Every now and then I succumb to cuteness. Samara, however, has requested that I base a character on her, one that slaughters all the “insects,” whatever that means.
9. Cat O’ Nine Tails (1971): Dario Argento’s second feature lacks the crazy cat moments memorable in Bird with the Crystal Plumage (1970), which has a character who eats cats, and Inferno (1980), which has a character randomly mauled by cats who fly at her from the sides of the screen. A cat makes the title, however, because our furry Internet-ruling friend provides a metaphor for the entire film, the mystery behind which is like the titular fetish device, so twisted that following its nine suspects/possibilities is like a kind of tickle-clawing torture.
8. Cat in the Brain (1990): Lucio Fulci and Dario Argento supposedly had trouble getting along for years because Fulci piggybacked on Argento’s early success with animal-themed giallo films (Italian crime thrillers) such as Fulci’s derivative-but-good Lizard in a Woman’s Skin (1971). Cat in the Brain, a late Fulci effort, follows Argento in having a mainly metaphorical connection to our furry friends, who are tearing up the brain of Fulci himself, who stars as himself, a director whose past films (shown amply in flashbacks) are manifesting in present-day murders. This cat won’t likely please you if you’re not a Fulci fan, but if you like the Godfather of Gore, it’s postmodern catnip.
7. Kuroneko (1968): Stylish Italian films and stylish Japanese films have been trading ideas for decades (more on that in a moment), and this classic Japanese kaidan (wronged women with long black hair out for revenge, most familiar to Americans from the remake of The Ring, 1998 / 2002) hybrid features awesome cat-woman ghost dueling, glorious use of black and white tonality, and some samurai for good measure. Not the best Japanese horror from the 60s, but in my top five, and my favorite one focused on cats. The title means black cat.
6. Cat’s Eye (1985): The frame story focuses on a cat erring on a sort of quest to rescue young Drew Barrymore, whom he reaches in time for the third and final story in the anthology. The third story, about the girl’s (and cat’s) battle with a breath-stealing mini-monster, sort of sucks now that I’m grown up. However, the first two, about quitting smoking corporate-style and going out on a ledge for a married woman (literally), are based on classic Stephen King shorts and hold up due to dark humor, massive tension, and great performances from leads James Woods and Robert Hays. The cat gets important moments in both the grown-up stories, too.
5. Pet Sematary (1989): Everybody thinks about Gage, who played with Mommy and is now going to play with you, but really, Church, the cat, is the star villain of the piece, especially if you think about the Stephen King novel along with the film. Church snuffs it, and that’s going to make the kids sad, so why not see if that supernatural pet cemetery resurrects him like the neighbor says it will? And if it works on the cat…? What’s good for the cat ain’t good for the kiddies. A cat would be the first to tell you not to follow a cat’s example, and my cat Samara would be the first to tell you that people don’t listen to her advice often enough.
4. Cat People (1942): This Lewton/Tourneur collaboration makes some lists of greatest horror films of all time, and with good reason: it’s one of the best films to replicate the effect I forever associate with Turn of the Screw, i.e., leaving in suspension questions of whether the horror is primarily psychological or supernatural. So is this a werecat movie or isn’t it? It’s beautifully shot, with beautiful people and beautiful cats, and the reflections on the psychology and beliefs of the times are so compelling that suspension and suspense become delightfully relentless.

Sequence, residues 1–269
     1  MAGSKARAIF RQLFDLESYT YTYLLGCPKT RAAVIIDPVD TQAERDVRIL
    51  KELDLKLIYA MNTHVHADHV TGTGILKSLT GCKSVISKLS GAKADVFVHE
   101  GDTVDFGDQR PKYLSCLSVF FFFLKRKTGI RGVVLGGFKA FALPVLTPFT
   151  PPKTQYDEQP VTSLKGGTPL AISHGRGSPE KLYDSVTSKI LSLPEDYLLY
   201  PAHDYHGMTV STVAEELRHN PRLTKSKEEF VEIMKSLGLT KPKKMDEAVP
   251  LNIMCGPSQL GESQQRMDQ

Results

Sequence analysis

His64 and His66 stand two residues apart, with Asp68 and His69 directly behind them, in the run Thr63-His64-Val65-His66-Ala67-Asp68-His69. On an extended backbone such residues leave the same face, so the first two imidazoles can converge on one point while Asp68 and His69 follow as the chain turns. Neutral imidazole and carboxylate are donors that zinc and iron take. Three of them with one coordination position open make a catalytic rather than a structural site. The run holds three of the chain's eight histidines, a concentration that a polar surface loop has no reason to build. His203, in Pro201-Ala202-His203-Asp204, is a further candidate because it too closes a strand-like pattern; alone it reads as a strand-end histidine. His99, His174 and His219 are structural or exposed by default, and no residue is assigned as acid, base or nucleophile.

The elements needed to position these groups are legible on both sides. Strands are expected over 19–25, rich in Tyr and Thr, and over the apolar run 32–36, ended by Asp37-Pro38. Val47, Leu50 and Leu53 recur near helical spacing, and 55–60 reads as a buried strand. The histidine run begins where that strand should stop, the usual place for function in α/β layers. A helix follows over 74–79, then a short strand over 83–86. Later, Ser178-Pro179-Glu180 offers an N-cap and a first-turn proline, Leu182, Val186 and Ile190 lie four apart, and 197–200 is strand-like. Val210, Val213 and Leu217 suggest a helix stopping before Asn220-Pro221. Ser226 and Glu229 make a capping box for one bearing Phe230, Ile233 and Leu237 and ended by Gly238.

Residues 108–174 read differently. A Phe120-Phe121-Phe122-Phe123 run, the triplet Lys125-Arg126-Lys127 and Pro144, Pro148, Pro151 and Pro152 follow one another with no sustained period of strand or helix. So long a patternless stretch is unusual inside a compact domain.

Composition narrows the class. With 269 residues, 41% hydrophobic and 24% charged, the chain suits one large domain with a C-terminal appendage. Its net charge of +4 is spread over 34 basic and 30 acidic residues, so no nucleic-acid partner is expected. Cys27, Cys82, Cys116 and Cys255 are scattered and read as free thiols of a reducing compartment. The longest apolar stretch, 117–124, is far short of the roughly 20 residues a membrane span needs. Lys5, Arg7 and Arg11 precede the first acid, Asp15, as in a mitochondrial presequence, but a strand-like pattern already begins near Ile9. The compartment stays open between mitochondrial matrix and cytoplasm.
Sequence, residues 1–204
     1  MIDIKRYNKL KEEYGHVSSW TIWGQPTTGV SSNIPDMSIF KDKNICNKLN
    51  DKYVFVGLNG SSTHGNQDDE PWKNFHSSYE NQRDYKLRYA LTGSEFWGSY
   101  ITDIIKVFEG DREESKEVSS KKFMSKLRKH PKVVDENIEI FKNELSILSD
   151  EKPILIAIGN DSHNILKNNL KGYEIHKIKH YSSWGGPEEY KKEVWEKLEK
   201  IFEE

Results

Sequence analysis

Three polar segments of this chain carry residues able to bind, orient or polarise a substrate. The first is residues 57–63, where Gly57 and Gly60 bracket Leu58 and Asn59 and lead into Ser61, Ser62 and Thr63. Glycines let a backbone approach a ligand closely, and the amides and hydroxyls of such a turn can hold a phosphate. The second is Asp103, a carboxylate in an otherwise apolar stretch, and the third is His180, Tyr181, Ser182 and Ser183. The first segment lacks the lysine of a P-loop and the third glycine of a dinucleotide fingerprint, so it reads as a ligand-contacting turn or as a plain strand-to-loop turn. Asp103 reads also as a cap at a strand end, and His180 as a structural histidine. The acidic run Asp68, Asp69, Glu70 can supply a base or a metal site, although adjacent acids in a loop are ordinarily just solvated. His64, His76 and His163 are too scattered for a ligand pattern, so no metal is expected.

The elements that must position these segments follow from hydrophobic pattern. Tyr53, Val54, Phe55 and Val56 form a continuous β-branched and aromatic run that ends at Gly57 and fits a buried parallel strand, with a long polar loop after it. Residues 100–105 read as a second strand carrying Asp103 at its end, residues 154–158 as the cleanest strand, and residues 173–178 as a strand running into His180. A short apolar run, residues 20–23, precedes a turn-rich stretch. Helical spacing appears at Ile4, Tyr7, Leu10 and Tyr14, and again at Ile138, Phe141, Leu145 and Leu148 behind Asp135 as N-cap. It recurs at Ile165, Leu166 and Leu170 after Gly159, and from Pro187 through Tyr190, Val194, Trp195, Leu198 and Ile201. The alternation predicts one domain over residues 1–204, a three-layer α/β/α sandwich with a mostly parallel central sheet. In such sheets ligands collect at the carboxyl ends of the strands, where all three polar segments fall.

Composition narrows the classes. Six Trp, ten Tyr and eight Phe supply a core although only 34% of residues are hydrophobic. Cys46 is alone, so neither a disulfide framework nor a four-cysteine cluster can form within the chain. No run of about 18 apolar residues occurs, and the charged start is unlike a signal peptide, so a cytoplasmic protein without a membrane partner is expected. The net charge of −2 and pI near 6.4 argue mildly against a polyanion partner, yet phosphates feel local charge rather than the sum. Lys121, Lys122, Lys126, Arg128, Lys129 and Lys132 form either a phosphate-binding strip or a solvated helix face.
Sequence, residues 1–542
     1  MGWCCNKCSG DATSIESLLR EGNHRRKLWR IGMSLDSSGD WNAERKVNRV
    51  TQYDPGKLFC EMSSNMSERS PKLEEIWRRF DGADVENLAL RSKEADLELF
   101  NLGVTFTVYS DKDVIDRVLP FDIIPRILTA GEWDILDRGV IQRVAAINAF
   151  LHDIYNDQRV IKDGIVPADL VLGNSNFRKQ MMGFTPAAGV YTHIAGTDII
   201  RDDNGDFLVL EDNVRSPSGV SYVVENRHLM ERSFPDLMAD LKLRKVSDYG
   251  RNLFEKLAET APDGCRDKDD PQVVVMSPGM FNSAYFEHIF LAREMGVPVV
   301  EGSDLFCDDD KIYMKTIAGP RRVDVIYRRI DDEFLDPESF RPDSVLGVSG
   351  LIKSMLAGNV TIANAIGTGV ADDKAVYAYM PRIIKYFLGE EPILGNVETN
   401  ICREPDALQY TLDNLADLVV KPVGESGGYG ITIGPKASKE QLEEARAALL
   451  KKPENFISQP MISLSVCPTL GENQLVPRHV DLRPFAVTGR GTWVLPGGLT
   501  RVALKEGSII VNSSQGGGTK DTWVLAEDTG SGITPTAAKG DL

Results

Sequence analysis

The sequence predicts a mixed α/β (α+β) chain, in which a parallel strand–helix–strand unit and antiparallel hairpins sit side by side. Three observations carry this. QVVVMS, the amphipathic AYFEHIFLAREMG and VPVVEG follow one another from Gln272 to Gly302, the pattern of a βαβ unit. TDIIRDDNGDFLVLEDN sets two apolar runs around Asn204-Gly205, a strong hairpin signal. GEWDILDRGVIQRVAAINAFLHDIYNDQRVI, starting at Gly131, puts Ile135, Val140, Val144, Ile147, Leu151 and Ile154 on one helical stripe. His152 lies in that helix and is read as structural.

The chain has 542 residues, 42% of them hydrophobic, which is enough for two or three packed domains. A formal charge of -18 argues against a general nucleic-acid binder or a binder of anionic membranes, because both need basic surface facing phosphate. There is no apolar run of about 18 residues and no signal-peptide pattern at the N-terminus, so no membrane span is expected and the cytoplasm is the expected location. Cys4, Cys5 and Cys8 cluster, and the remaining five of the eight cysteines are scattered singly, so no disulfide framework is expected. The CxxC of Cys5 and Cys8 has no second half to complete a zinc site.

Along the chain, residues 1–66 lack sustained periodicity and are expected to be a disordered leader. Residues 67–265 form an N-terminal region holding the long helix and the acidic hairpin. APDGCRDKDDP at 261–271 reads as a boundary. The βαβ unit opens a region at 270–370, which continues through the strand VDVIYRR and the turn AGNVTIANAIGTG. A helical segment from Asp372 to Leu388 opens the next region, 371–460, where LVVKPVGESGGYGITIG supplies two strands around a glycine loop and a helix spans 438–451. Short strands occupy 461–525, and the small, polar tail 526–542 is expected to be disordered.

3. Cat People (1982): More a fantasy about the first film than a remake, this is my favorite werecat movie. The transformation sequences are good but not great (appearing not long after American Werewolf in London (1981), they seem uninspired). What is great is the music, famously David Bowie’s “Theme from Cat People (Putting Out Fire),” but really the entire synth-filled soundtrack, eighties dreamy at its best. What is greater are the sex-infused storyline and eye-popping presences of Nastassja Kinski and Malcolm McDowell. The first film’s premise gets dilated: certain people get turned on and become black leopards, and to become human again, they must kill. Oh. My. Violent estrus.
2. “The Black Cat” from Two Evil Eyes (1990): Yes, I wrote a book about Argento, and yes, he gets to have two on this list, because although many have worked with Poe’s “Black Cat,” and many other films have that title (including one by Fulci), this one—half of Argento’s collaboration with George A. Romero, Two Evil Eyes—is my favorite. It ranges across Poe, featuring Harvey Keitel as Roderick Usher, a photographer who captures crime scenes (including one right out of “Pit and the Pendulum”). The ending makes kitties even more horrific than Poe does. Ah, Dario.
1. Hausu (1977): Ruled by the wild colors and non-rational narrative structure of the Italian films that were becoming popular in Japan at the time, Hausu (House) is one of my favorite films of all time, and since a white cat presides over the house that gobbles up schoolgirls, it’s one of Samara’s, too. Flying severed heads, carnivorous pianos, dancing skeletons, and more await you inside this brilliant little film, colorful, hallucinogenic, funny, scary, must-see.